It seems hardly a day goes by when we don’t hear about a player of at least moderate importance to his team sustaining an injury. Someone is forever being “shut down” for a few days or more. We hear about some muscle or other being tender, sore, tweaked or torqued. There are the intercostal strains which have deprived us of Daniel Murphy and David Wright. There is the arm weakness of Johan Santana. There’s the tortured ankle of Justin Turner. There’s the impounded knee of Kirk Nieuwenhuis. And that’s just us. Chase Headley of the Padres has a wonky shoulder. The Dodgers’ Hanley Ramirez has a throbbing thumb. The news across town is even more grim, with Alex Rodriguez and Mark Teixiera looking at skipping most of the summer and even Derek Jeter suffering a setback on his famous ankle, jeopardizing his participation in Opening Day.
News like this can ruin a franchise’s whole mojo at the outset, and when you’re a team like the Mets – where so many things need to go right – any injury news can cause stroke-like symptoms among the fan base. Such was the case with the news that Shaun Marcum had to have a cortisone shot in his pitching shoulder, due to an “impingement.” Pulled from a start, sent for an MRI: these are all familiar themes to the veteran Met-watcher. With Santana on the shelf nursing his mysteriously weak arm, this news about Marcum made the Mets’ starting staff look a lot less hearty than it did a week ago. Add in the fact that Dillon Gee has been cuffed about pretty badly in his last two appearances, an you have grounds for thinking that a supposed strength of the team may not be as strong as one would hope. In fact, minus Santana, Marcum and with a diminished Gee, the starting pitching boils down to Jonathon Niese, Matt Harvey and a bag of dirt. With the offense looking as frail as it does, it’s going to take beyond stellar pitching for the Mets to even show up 162 times, let alone have the ability to win more than half their games.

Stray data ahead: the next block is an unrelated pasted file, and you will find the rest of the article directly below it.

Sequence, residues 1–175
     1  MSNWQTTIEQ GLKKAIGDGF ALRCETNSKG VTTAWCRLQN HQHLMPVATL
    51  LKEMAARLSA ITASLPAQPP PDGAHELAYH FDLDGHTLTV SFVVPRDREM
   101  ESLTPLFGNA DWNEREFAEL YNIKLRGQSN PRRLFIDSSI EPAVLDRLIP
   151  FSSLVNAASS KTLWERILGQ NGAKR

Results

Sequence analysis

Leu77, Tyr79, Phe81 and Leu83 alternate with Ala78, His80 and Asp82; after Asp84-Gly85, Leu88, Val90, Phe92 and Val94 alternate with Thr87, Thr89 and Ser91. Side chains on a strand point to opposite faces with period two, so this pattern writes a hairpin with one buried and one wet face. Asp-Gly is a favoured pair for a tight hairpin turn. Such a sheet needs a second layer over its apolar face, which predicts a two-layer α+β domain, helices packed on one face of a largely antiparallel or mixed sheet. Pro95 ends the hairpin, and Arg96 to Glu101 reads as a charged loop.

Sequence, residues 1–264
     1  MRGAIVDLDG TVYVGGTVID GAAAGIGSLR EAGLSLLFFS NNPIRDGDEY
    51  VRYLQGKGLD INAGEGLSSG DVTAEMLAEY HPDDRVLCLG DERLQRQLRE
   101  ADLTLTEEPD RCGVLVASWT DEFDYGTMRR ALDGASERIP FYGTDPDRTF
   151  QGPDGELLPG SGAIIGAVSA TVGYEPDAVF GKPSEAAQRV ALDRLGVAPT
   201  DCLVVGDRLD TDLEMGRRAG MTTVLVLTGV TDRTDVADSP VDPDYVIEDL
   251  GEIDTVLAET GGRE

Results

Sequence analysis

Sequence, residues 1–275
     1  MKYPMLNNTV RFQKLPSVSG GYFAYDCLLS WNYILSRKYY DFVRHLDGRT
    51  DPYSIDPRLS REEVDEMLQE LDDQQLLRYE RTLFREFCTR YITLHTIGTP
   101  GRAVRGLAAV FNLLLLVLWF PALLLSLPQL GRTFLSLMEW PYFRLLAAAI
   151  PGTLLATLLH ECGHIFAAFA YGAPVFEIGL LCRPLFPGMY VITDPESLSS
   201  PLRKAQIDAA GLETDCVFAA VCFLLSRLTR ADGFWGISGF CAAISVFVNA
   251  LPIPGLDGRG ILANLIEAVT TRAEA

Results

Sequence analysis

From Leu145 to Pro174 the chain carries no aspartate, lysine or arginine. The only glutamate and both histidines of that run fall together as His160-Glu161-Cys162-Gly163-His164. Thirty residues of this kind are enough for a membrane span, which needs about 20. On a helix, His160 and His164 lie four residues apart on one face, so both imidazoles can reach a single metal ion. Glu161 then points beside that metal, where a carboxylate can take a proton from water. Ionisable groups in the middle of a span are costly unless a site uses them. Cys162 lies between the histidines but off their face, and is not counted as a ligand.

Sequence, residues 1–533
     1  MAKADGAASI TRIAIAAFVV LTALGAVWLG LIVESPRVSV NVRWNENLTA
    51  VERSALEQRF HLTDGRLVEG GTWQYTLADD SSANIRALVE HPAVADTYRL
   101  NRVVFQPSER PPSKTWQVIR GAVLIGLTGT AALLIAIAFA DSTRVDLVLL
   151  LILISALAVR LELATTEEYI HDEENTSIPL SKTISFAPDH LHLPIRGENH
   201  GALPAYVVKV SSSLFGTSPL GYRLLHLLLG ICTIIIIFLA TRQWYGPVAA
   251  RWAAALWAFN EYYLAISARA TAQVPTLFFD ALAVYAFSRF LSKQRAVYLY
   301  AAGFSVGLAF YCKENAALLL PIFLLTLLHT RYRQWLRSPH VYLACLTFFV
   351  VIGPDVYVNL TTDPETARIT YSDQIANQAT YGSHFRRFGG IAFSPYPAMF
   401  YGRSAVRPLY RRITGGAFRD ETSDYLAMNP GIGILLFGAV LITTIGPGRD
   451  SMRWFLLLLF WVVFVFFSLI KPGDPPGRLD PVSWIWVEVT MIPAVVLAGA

Now, word has come down today, that Marcum gets a cortisone boost in his right shoulder every spring. His shoulder, he says, feels “fine,” and he will only be missing one start. He’s been backed up by manager Terry Collins, who plans to use him sometime around Monday (3/25), and GM Sandy Alderson, who called the shot/rest “precautionary.” The collective “WHEW!” from Queens could be heard all the way to Jersey.
But it only goes to show you just how tenuous the whole thing is, how easily something counted on can turn to chalk. This early in the year, nothing is graven in stone; no thing is a sure thing. It’s not that far a stretch to go from “I think we might be OK,” to “Oh my God! We’ve lost Shaun Marcum!”
In this time of the NCAA Tournament, the madness that is March, Met fans can borrow a mantra from a legendary coach, the late Jimmy Valvano.
“Survive and advance.”
Follow me on Twitter @CharlieHangley